Abstract [from journal]
Background: Obstetric delivery is among the most common in-hospital procedures experienced by reproductive-age women, yet there is little literature on patterns of postpartum opioid prescriptions after such episodes.
Methods: We used claims data from 871,195 vaginal deliveries to 768,455 privately-insured women with an in-hospital delivery between June 2001 and July 2013 to examine the state- and census division-level proportions of women who filled an opioid prescription within four days of hospital discharge after vaginal delivery. Our primary outcome examined the proportion of women who filled an opioid prescription after uncomplicated vaginal delivery (e.g., without forceps extraction, vacuum extraction, or 3rd/4th degree perineal laceration). Secondary outcomes examined state- and census division-level variation in opioid prescription duration (proportion of prescriptions exceeding five days) and dose (proportion of prescriptions exceeding 280 morphine milligram equivalents). We also displayed national temporal trends in opioid prescribing rate and dose for uncomplicated vaginal delivery in comparison to complicated vaginal delivery.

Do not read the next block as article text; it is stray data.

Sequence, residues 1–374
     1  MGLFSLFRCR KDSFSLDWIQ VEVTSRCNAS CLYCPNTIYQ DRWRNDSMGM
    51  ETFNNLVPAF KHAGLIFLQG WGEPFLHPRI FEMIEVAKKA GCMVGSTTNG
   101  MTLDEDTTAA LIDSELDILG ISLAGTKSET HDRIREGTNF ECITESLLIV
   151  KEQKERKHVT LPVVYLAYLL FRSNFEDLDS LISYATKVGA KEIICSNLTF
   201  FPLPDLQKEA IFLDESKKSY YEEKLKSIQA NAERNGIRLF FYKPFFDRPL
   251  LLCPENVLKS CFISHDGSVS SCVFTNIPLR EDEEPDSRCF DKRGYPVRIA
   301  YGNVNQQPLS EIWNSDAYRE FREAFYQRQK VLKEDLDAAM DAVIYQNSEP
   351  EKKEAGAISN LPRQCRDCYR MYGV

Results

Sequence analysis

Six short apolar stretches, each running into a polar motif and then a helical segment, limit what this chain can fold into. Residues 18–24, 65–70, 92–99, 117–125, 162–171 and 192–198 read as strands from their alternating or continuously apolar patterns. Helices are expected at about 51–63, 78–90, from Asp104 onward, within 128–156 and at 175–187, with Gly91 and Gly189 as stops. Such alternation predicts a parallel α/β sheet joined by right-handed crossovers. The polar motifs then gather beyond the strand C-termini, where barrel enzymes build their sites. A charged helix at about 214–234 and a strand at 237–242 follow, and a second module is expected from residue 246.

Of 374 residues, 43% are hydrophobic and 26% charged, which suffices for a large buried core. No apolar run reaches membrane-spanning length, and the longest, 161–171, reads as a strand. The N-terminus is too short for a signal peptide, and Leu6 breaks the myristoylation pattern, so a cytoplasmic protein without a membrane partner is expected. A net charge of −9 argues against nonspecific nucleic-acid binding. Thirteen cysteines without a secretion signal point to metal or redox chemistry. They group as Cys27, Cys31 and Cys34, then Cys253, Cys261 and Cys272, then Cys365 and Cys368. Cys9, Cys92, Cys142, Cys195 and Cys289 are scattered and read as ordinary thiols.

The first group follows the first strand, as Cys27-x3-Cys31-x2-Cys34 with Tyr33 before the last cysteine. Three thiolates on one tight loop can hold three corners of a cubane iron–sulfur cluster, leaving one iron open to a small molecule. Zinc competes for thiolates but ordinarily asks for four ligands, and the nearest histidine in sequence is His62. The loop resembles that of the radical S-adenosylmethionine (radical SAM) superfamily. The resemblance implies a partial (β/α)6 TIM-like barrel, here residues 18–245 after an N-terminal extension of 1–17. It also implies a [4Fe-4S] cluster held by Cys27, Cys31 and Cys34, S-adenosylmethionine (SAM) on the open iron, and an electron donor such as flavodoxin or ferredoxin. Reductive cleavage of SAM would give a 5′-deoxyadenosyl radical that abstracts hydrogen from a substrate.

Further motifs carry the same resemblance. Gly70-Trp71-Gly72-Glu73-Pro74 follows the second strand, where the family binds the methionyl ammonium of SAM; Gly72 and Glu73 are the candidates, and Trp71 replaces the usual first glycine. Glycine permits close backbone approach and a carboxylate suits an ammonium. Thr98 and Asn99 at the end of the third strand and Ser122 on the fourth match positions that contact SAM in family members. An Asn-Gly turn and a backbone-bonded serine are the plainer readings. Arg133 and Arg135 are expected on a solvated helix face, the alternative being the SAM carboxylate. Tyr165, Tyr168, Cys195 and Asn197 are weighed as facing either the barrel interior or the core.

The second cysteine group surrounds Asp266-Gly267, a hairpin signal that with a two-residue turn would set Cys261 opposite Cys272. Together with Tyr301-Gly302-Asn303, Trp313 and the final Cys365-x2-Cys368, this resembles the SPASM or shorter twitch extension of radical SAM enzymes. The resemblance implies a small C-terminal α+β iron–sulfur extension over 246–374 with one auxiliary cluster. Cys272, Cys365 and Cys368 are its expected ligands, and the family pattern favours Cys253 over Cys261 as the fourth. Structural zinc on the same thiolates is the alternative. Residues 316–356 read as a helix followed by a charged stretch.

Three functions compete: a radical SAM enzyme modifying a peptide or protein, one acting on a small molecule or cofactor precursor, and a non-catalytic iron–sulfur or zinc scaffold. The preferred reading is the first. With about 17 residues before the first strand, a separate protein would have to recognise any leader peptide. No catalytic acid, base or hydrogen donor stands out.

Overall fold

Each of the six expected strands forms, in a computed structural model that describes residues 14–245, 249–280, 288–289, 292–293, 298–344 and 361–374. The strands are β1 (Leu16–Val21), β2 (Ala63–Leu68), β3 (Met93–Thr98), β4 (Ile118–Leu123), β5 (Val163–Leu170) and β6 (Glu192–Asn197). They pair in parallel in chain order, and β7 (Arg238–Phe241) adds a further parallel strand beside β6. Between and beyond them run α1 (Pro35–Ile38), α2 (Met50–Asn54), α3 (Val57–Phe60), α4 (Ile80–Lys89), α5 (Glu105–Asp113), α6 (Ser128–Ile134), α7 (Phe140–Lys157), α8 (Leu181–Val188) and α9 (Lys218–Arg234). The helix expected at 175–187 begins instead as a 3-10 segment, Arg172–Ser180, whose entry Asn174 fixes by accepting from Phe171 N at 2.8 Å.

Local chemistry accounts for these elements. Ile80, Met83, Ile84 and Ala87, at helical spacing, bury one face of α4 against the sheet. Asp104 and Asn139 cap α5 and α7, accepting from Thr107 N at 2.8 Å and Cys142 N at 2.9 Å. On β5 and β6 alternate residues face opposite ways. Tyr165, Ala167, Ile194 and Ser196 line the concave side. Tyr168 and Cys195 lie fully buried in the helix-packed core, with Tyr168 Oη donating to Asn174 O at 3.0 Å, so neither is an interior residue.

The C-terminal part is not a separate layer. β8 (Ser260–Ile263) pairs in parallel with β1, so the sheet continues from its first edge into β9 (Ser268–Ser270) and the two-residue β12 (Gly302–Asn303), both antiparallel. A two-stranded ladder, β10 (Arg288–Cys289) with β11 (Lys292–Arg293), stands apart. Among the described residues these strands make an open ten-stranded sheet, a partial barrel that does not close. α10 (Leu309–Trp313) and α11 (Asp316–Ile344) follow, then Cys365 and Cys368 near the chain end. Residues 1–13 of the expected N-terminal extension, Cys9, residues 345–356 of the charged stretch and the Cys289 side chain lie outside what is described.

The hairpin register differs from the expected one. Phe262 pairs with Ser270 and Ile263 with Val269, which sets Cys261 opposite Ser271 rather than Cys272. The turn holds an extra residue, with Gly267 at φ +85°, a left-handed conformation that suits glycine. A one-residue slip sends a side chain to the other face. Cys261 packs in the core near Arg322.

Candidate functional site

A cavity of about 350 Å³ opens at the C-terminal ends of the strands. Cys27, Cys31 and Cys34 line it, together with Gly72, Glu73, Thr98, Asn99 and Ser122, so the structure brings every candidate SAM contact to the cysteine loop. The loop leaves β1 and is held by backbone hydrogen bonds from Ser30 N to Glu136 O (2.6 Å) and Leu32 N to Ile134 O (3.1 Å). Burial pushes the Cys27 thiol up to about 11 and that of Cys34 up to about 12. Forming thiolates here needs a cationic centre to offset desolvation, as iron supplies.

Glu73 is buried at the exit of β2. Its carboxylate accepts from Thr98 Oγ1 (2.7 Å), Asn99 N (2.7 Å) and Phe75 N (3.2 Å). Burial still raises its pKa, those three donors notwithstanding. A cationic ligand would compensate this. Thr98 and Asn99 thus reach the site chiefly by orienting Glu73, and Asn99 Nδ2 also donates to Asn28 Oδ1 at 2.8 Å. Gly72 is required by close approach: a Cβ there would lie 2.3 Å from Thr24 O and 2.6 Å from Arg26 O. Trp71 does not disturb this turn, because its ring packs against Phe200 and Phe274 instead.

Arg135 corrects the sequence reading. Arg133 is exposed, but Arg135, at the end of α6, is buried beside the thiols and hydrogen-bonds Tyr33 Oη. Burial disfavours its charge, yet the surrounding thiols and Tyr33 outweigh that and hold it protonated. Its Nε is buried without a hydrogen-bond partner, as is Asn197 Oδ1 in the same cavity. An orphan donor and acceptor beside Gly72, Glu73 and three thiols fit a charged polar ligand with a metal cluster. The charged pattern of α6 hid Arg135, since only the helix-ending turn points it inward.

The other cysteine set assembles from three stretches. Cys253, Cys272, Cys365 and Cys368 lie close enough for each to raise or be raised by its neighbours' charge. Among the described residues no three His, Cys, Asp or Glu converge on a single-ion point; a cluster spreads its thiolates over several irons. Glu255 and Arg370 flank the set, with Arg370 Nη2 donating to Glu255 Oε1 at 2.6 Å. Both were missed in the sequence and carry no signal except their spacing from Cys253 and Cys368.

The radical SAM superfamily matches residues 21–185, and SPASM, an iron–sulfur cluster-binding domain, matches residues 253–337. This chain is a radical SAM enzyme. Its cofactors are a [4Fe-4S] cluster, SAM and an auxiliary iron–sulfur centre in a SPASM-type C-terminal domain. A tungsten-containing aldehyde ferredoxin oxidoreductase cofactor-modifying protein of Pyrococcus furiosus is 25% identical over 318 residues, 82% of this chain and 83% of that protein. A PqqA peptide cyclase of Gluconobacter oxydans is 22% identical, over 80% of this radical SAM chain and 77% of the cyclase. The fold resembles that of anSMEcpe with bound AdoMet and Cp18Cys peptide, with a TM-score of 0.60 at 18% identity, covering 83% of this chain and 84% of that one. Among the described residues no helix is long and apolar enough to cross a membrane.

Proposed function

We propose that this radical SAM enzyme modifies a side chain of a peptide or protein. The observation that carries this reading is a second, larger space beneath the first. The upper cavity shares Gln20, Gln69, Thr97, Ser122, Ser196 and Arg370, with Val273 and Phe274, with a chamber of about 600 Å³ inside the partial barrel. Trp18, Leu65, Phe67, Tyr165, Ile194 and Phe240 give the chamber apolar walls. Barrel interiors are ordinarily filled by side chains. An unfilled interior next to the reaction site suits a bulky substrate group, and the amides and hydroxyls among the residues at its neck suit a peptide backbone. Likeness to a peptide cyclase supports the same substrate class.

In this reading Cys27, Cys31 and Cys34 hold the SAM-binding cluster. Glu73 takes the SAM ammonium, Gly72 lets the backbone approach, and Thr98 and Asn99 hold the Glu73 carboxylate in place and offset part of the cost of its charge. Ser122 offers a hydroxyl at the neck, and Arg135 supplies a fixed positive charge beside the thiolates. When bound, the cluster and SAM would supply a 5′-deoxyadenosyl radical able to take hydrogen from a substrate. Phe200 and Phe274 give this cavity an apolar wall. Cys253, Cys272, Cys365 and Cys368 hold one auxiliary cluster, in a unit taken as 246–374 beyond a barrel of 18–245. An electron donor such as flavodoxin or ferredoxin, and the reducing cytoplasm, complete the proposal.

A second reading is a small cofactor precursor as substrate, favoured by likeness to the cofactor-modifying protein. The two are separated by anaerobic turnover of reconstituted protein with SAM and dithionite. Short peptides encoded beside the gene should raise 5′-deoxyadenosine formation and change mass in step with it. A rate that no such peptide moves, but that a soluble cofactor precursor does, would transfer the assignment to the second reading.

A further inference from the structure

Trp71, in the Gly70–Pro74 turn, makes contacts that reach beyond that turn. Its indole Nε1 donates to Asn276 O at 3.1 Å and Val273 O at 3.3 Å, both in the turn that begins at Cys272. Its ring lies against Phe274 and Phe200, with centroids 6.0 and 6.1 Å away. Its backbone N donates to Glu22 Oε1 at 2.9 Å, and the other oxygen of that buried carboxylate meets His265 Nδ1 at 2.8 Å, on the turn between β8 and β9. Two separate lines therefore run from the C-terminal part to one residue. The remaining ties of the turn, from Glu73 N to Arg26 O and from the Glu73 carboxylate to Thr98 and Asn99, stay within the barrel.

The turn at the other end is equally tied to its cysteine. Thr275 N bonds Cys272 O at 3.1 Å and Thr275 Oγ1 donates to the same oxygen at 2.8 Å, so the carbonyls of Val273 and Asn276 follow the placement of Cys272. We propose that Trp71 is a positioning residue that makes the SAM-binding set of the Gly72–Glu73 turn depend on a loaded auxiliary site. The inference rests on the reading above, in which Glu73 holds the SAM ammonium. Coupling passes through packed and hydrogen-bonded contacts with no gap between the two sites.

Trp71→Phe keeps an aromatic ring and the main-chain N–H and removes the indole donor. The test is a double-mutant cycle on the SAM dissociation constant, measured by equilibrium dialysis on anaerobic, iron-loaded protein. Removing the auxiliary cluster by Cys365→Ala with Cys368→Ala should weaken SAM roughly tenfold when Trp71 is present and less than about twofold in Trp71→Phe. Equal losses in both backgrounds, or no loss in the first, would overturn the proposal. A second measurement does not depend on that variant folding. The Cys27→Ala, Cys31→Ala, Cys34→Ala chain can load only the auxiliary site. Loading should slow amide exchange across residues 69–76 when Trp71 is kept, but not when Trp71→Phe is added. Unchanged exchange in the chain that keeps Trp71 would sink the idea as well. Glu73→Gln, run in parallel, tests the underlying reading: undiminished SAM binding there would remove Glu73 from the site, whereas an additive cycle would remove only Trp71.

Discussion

Results: Across states, we found a 7-fold variation in postpartum opioid prescription rates (7.6–53.4%), a 5-fold variation in opioid prescriptions for greater than five days' duration (5.1–25.7%), and a 19% absolute difference in opioid prescriptions for greater than 280 morphine milligram equivalents (0–19.3%) following uncomplicated vaginal delivery.
Conclusions: These wide variations in postpartum opioid prescription practices suggest opportunities to develop guidelines on postpartum opioid use, to improve prescription safety, and to reduce opioid-related harms among women in the postpartum period.